The natural world produces limitless possibilities. For instance, today's Daily Telegraph had an article on the 'Iron-eating tree of Brig-Turk', a sycamore that has grown in an old smithy's yard over the past 200 hundred years, slowly enveloping the scrap heap that surrounds it. It has eaten 'among other things' a ship's anchor, and is halfway through enveloping a bicycle which was left against the tree by a boy in 1914. The boy went away to war and did not return. There's a picture of the two handlebars, sticking out of the bark, halfway up. Here we have a literal case of the man-made and the natural world coming together. Apparently it's common for trees to simply eat' metal objects - did anyone else know this?? There's definitely a poem to be had there too, but too late, I've already started!

Gosh that is a hard choice to pick which of all the animal poems featured in the archive, would be my favourite. I think the one that I can best make a starting point from would be the poem where animals are on the inside such as, Animals by John Burnside. I note that it has been written for an American woman, who we could believe, by her nationality, easily associates with the American Indian belief in personal Totem Animals. John is exploring his feelings on this subject throughout this poem especially when he says 'they say if you dream an animal, it means the self / moving from room to room, with its scent on our hands/ and a slickness of musk and fur/on our sleep-washed skins,/'.I get the idea finally from this poem that he is inferring there is 'one broad presence that proceeds/by craft and guesswork/', before us is our soul maybe - which is more animal than ghost. I can then leap off from here: either in the direction of the poets who speak of a particular animal who they feel a particular closeness with, like Edwin Morgan with his Hyena, or the poet David Harsent who talks of people shape-shifting into animals or back again.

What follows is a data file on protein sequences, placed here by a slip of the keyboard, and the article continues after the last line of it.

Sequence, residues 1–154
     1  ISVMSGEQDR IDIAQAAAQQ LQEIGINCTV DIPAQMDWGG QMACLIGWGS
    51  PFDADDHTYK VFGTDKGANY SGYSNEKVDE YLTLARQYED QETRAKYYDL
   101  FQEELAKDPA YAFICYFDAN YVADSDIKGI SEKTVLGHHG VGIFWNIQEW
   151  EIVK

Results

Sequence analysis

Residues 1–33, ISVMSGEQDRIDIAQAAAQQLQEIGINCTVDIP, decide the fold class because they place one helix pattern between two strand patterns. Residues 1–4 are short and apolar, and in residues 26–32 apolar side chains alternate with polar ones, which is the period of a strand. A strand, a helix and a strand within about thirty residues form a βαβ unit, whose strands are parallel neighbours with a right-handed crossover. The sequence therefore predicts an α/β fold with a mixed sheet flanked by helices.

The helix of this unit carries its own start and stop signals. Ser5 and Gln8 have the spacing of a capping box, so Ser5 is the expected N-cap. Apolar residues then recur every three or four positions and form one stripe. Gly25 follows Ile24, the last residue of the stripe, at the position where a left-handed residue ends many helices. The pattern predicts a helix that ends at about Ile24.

Rob, that is an interesting story about the tree. I think there are probably as many interesting poems about trees as there are about animals. You'll surely enjoy writing the poem on the iron-eating tree.